Wolfenstein: The New Order makes me thankful that the Nazi’s never won the war. With all the weird weapons and merciless Nazi robot dogs that would have sprung up, I am glad I don’t have to live on Hitler Crescent and work at Goebbels Inc. Those nightmares are fully realised in The New Order which see’s the return of William “B.J.” Blazkowicz who, after a failed assassination attempt on his old nemesis General ‘Deathshead’ Strasse, wakes up in 1960 to a world dominated by Nazi’s and their robot dogs who think his limbs are Pedigree Denta-stix. Blazkowicz then sets about mounting a resistance against the Nazi empire with a small band of resistance members including Caroline Becker, last seen in ID Software’s reboot, Wolfenstein, in 2009.
MachineGames have done away with dimension jumping where you were attacked by angry blow fish and everyone’s eyed glowed. They have done away with weird crystals that not even Jesse or Walter would consider cooking up because of the absurd powers they gave you. Granted, Nazi robot dogs and a Nazi empire that covers the world is also a stretch but, what makes this Wolfenstein so enjoyable is the focus on telling a good solid adventure story, throwing in great gameplay mechanics and puzzles with a challenging AI system, something that lacked in the previous title.
MachineGames have also given BJ a substantial amount of dialogue which has been lacking considerably, meaning you are no longer in control of a cardboard cut out of human. His dialogue in both cut scenes and in game feel passionate and striking (it may also explain why, during cut scenes, BJ always looks close to tears). In game, a loss of an ally or seeing the Nazi’s commit atrocities against unarmed POW’s will trigger some sort of response from BJ, expressing anger, disgust or bitterness or questioning his own ability to save the World from Nazi rule through his thoughts and occasional murmurings. For a game full of laser touting, Aryan obsessed Nazi stomp machines, you can’t help but share the emotions of Blazkowicz in his moments of anger or self-doubt.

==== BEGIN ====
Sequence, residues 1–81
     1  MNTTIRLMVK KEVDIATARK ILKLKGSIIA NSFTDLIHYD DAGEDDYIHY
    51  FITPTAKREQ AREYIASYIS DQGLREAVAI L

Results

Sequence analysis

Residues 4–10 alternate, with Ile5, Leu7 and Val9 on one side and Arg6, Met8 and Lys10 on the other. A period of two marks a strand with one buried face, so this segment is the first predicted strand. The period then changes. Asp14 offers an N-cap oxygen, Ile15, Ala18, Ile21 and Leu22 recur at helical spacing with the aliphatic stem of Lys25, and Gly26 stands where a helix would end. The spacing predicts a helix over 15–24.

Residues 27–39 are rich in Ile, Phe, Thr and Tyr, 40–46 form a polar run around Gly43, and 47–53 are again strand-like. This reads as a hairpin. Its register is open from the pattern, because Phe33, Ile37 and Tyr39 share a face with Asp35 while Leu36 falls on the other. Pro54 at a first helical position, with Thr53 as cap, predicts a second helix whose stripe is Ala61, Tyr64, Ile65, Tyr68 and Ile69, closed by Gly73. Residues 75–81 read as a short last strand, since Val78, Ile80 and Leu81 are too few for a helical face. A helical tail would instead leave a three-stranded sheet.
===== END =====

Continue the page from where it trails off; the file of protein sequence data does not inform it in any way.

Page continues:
Just like the story is pumped full of emotion, the gameplay itself is pumped full of action. The layout of the game is strictly ‘on-the-rails’ but each level has multiple ways to approach problems. For a franchise known for its all out action, the ability to stealthily bump off enemies by slithering out of a floor level vent and throwing a knife in their back is a welcome addition. Secret passage ways are numerous and varied and finding collectibles such as letters, maps, enigma codes and gold gives you an additional reason to explore the alternate routes. In each area you will also find commanders who, if you are detected, will call in reinforcements until you can eliminate them, meaning you don’t have to always run around dual wielding shotguns trying to blast Fritz into bitz.
The Commander ‘pen-pushers’ who got promoted for their connections’ (according to the in-game journal) will flee and let the grunts do all the work to try and take you down. In this sense, the game almost encourages you to become Ninja-wicz. Almost. The enemy AI for the grunts and cowardly commanders is extremely smart, something you’ll quickly realise when being out-flanked for the fourth time. Their use of fire suppression and grenades is to be commended, meaning engagements are fierce and can turn desperate if you are down to your last mag. One significant criticism of the AI however, is that it can feel too good, sensing you through boxes and round corners, leaving you annoyed at wasting your time trying to sneak around the level. Perhaps the Nazis also have psychic powers? A nice addition is you don’t simply rearm by walking over ammo; you have to physically pick it up. If pinned down behind cover, coming under fire from all sides; desperately trying to reach across to pick up a box of ammo or med-kit will feel like a whole new game in itself.
For a game that came on four discs (no, really) the graphics are good. No that is a lie, the graphics are incredible. All the set-pieces have been lovingly crafted for your destruction and they never feel half done or over-crowded. If you are a stickler for frame rates and high definition explosions, then this is also your kind of game.
On PC, the game is polished to perfection. I sometimes have to keep an eye on the temperature of my processor and graphics card but when playing such a huge (40GB!) game, I thought the demand on my processor and GPU would be too much. Amazingly I was utterly wrong and the game is so well optimised that temperatures for both components stay well within safe limits. Only the occasional graphical glitch spoils the atmosphere of playing fetch the grenade with a robotic pooch but I’m sure future updates will fix that.
Some will be surprised to hear that Wolfenstein: The New Order has not shipped with any multi-player whatsoever. I worry that this may discourage potential players but it is worth the money for a brilliantly dark and brooding storyline and gripping gameplay.
Overall, I have not had the pleasure of playing such a brilliant, story driven shooter in a long long time. The graphics, gameplay and the sense of adventure will have you hooked for whole weekends at a time. A few tweaks to the AI and a fix for the occasional graphical glitch would be appreciated however. The lack of multi-player is also disappointing but I’m glad that MachineGames didn’t overreach – I’m looking at you Battlefield – and fall flat on their faces. The single-player is entertaining enough to have a great deal of replay and you will enjoy the twitchy nervousness of getting hunted by Robo-Rover for months to come.